'If the report of the Director General relates on a reference made under
sub-section (1) and such report recommends that there is no contravention of the
provisions of this Act, the Commission shall invite comments of the Central
Government or the State Government or the statutory authority, as the case may
be, on such report and on receipt of such comments, the Commission shall return
the reference if there is no prima facie case or proceed with the reference as a
complaint if there is a prima facie case'
The word used in this section provides that it is up to the discretion given to
CCI that, it may or may not proceed with further enquiry after DG has submitted
The Court held that the DG Report is merely recommendatory in nature, and that
the CCI is required to examine it and make a decision after hearing the parties,
and that the provisions of further inquiry/investigation (sub-sections 7 and 8
of Section 26 of the Act) are only enabling provisions that allow the Commission
to direct further investigation or conduct further inquiry if it believes that
such further investigation is necessary. As a result, the Court rejected the
petitioner's contention that CCI was required to conduct additional
For the 2nd issue, the petitioner contended that GEECL abused its dominant
position by imposing unfair and discriminatory conditions for the purchase and
sale of CBM and that CCI was required to consider this in light of Section 27(d)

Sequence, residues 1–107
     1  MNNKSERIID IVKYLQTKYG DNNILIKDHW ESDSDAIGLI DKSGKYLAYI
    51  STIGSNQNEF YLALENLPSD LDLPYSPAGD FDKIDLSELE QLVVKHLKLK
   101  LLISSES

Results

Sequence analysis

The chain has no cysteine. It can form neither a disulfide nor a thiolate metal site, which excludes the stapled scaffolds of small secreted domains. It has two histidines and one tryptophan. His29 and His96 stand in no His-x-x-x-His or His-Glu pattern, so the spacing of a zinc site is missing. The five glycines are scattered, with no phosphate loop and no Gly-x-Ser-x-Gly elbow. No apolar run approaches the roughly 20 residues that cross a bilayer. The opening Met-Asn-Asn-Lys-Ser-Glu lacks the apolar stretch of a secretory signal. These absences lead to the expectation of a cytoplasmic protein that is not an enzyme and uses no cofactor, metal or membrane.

of the Act, which allows the CCI to modify an agreement (GSPA in this case) to
the extent it deems fit.
The High Court rejected this argument for two reasons:
- The GSPA was a negotiated agreement between SRMB and GEECL, and neither
party had approached the CCI for such relief. CCI cannot have exercised its
authority to amend the GSPA at the request of a third party who has no
interest in the agreement.
- The underlying premise that GEECL violated Sections 3 and 4 of
the Act was unjustified.
The petitioner also contended that CCI was incorrect in rejecting the contention
that certain GSPA clauses were discriminatory and/or unfair because the GSPA was
negotiated by the parties. The petitioner contended that even if a condition
imposed for the purchase and sale of goods and services is found to be unfair or
discriminatory, it will remain in effect because it was negotiated between the
The Court rejected this contention, observing that the fact that a commercial
contract was negotiated between two parties is an important factor in